And I have to say, I'm still somewhat stunned at how easy the whole thing was. I mean, seriously, seriously easy. Easy. My new battery kit, complete with Crutchfield-style instructions, arrived about 2 days later, so after the wife & munchkin went to bed one night, I set everything up at my nice, static-free kitchen table and went to work.

One thing to note: the instructions iPodjuice provides point out that actually opening the iPod is the absolute hardest part of the whole thing, and believe me, they're not kidding. Getting the 'pod open took me roughly a half-hour of sweating, cringing, and swearing, and after watching the instructional video on the iPodjuice site (after the fact, naturally), I think I did it wrong, 'cause that guy cracks his open like he's shelling walnuts. I think the key is that you have to jam the iOpener down in there pretty hard, then slide it sideways, even if it doesn't look like it'll go -- once I finally got it going, it was like unzipping the thing around the edges.

If you ever decide to give this a shot w/the same kit I used (or another, actually; I think most of 'em include a tool of some kind), do not use anything but the provided tool to open your iPod. I made the mistake of using a thin kitchen knife to try to pry it open when I had the iOpener jammed down in there, and not only did it not pop out like I thought it would, but I, uh, bent in the metal sides somewhat. Fuck. Ah, well -- my 'pod's a tough customer, and he lives in his little Marware carrier most of the time anyway, so eh.

Also somewhat tricky -- and again, the iPodjuice people warn you up-front -- is balancing one half of the iPod "shell" on its side and holding the battery up somehow while you're trying to pull out the tightly-seated battery leads. (Which are, of course, very fragile.) Partway through I found myself wishing my wife hadn't already gone to bed, but I persevered with the help of a mini-screwdriver to jimmy the lead connector up & out. After that, I slid the new iPod battery in, shifted the cable around under the motherboard-looking thingy (like I said, not handy with electronics), and carefully snapped the two sides of the shell back together, trying not to pinch any wires in the process.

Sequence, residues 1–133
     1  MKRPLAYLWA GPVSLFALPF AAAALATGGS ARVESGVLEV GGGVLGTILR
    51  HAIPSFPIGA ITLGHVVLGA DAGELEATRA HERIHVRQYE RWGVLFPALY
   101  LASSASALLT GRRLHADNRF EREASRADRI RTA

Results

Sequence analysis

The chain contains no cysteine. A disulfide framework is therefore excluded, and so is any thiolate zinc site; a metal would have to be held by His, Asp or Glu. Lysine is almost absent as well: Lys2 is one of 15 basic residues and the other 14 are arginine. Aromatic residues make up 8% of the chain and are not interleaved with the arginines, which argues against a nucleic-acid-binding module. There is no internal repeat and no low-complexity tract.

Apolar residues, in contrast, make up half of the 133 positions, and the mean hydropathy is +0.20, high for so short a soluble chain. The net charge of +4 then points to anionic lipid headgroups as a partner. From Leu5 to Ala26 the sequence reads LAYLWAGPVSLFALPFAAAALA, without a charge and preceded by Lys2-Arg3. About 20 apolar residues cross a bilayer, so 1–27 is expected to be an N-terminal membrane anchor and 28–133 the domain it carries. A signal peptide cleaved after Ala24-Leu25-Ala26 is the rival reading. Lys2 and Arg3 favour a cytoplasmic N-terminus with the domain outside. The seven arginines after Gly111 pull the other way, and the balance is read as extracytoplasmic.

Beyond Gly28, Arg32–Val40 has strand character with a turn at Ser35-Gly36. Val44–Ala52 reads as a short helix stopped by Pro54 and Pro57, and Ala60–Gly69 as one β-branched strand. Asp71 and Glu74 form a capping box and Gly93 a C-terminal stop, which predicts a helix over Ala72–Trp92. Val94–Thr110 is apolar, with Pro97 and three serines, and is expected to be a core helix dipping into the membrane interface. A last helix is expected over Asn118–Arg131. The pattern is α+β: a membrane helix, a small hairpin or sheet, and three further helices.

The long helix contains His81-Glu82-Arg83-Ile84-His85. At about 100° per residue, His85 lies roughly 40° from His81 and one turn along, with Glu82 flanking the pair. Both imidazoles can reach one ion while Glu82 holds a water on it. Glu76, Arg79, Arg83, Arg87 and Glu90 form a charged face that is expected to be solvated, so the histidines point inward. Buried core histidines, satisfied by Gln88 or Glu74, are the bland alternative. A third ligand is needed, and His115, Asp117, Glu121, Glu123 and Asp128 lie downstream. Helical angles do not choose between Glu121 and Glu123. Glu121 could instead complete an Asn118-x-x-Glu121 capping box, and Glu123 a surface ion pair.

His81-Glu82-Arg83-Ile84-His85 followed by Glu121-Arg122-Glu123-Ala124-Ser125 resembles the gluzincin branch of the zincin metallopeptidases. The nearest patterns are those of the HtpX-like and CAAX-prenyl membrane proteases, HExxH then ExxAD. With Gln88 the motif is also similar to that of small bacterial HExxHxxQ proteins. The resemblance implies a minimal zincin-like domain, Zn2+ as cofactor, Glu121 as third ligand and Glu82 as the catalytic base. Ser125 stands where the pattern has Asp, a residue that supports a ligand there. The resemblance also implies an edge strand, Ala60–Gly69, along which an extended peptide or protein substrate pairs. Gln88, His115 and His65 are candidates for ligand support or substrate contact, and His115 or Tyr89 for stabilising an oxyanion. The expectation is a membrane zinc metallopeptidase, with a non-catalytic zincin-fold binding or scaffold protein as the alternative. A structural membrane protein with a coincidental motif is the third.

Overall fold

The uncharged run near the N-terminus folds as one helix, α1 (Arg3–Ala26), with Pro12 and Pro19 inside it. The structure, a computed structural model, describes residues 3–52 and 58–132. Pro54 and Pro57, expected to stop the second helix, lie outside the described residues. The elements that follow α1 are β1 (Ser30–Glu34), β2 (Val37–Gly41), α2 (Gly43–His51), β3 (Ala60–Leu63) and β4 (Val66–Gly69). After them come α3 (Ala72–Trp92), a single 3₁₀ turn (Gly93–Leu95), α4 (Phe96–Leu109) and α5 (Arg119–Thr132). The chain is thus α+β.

I let it charge for a full six hours or so, and praise be to whoever, it works. Minus the creases some idiot (cough) put in the metal on the sides, it looks and runs as good as new -- hell, better, even. I may be imagining it, but I'd swear the battery charges faster and runs down more slowly than the old one ever did, even when it was brand new.

Moral to the story: if I can do this, trust me, you can. I've done some rudimentary wiring/installation-type stuff in the past, but it's always been ceiling fans, light fixtures, Crutchfield car stereos, stuff that's meant for morons to be able to do it. This was way easier than the last two ceiling fans I had to put up, so that's a big plus in its favor. Heck, I think it might've even been simpler than switching out my car stereo. I'd highly recommend the iPodjuice folks if anybody reads this & decides to give it a go, but you can also get batteries and replacement kits from Laptops for Less, PowerbookMedic, the iStore, and RapidRepair. There're probably others, too, but those are the ones I ran across while researching this stuff.

I'd also recommend checking out methodshop.com's handy info on fixing whatever goes wrong with your iPod, and definitely BatteryUniversity.com's awesomely informative page on prolonging the life of lithium-based batteries. Apple uses lithium-ion batteries for its iPods, and they operate very differently in some ways from other types of rechargeable batteries -- for one thing, they actually do better with short, frequent charges, rather than the old-school way of letting the whole thing run down to zero before recharging. (This goes for a lot of current cellphones, too; I now keep mine plugged in at night no matter what, and the battery performance seems to've improved.) Anyway, there you go -- learn from my experimentation...

Now I've gotta head home & get to packing.